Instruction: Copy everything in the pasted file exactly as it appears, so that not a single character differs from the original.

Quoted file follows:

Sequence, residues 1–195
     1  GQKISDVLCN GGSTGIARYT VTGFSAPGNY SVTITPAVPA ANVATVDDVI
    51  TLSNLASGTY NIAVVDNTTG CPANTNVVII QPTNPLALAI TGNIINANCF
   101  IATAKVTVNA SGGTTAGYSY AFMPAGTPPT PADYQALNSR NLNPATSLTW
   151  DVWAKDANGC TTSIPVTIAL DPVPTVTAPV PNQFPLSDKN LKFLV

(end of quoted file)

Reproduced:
Sequence, residues 1–195
     1  GQKISDVLCN GGSTGIARYT VTGFSAPGNY SVTITPAVPA ANVATVDDVI
    51  TLSNLASGTY NIAVVDNTTG CPANTNVVII QPTNPLALAI TGNIINANCF
   101  IATAKVTVNA SGGTTAGYSY AFMPAGTPPT PADYQALNSR NLNPATSLTW
   151  DVWAKDANGC TTSIPVTIAL DPVPTVTAPV PNQFPLSDKN LKFLV